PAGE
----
Bodybuilding as Your Identity and Mental Health

By March 25, 2015 January 5th, 2023 No Comments

The ones who stick to the grind more often are the ones in better PHYSICAL CONDITION, but maybe not mental.

By John Doe

I’ve been in the gym a long time. I’ve eaten clean a long time, I’ve used performance enhancement drugs a long time, and I’ve always worked bodybuilding into my life on a daily basis. I’m often guilty of getting so sucked into it and going so hard all the time that it becomes this constant process of recovery and having normal, everyday things in life seem like a bigger pain in the ass than they should.

I’m going to be honest here; I’ve been going so hard lately that by around mid-afternoon I’m tapped out. I feel like I could go right back to bed at 2pm and the day is done. When I’m going at it this hard my days start to blend together and every single day is the same as the day before or the day after. This is definitely how pre-contest training always felt to me.

I don’t care who tells you what, the bottom line is when you’re taking your body to extreme measures then life gets extremely difficult with it. You just have to put so much into all of it that there are times where it’s downright mentally unhealthy. Fortunately I’ve learned to recognize this a lot better than I used to. So the real question here is how can I continue making headway in bodybuilding but at the same time give myself some room to breathe and attempt to live a semi-balanced life?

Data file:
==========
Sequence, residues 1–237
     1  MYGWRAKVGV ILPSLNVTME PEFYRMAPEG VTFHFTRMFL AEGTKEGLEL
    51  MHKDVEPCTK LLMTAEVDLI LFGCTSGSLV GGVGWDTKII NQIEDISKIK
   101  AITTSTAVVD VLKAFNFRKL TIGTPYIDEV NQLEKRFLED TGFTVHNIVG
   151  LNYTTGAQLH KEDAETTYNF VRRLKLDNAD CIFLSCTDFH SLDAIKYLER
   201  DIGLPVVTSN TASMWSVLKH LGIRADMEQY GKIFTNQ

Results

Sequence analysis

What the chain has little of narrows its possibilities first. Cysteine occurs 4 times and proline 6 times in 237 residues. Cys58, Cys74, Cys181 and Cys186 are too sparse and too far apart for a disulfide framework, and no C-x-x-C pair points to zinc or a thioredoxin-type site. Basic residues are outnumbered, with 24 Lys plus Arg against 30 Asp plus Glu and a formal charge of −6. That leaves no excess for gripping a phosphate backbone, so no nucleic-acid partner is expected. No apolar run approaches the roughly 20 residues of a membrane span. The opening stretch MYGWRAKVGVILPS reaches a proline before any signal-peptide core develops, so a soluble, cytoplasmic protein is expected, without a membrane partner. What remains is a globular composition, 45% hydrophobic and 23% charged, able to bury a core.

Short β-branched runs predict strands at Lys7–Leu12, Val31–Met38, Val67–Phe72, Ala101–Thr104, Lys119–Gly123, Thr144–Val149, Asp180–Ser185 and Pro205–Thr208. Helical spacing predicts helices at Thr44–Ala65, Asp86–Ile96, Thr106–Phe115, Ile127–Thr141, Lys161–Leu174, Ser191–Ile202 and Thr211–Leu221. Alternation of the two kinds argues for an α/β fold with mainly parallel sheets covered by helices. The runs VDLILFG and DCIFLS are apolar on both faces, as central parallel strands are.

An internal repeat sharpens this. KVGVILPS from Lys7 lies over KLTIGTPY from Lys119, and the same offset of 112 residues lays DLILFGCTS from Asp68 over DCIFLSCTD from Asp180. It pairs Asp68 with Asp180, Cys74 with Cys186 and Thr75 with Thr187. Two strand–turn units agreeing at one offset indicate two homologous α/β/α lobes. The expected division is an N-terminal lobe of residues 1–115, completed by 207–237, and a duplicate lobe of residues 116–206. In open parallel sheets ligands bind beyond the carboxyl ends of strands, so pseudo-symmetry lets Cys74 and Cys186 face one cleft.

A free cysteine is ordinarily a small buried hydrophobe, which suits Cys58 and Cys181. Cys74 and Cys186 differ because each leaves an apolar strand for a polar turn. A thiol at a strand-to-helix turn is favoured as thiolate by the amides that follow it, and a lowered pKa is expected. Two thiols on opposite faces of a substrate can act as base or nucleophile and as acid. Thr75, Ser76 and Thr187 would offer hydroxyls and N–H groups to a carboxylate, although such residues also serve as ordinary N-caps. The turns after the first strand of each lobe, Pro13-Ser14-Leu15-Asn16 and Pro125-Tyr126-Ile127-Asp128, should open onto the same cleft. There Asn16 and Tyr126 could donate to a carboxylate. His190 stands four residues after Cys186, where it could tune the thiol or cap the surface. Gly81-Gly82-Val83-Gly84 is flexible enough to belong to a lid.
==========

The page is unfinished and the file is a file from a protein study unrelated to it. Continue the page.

For starters, volume will kill you. Volume is good for a little while, but there is going to come a breaking point where you just need to back off. Even if you train with lighter weights and shorter rest periods, if it’s in your nature to always train as intensely as possible, it’s still going to break you down.

Heavier weights and less volume can do the same thing, but in a different manner. Sure, you’re in the gym and out in under an hour, but the day or two in between a high intensity workout is so focused around recovery that you feel shot. And sometimes it isn’t even an issue with physical recovery, it’s mental recovery. Sticking to the grind day in and day out can become stressful in itself. The ones who stick to the grind more often are the ones in better PHYSICAL CONDITION, but maybe not mental.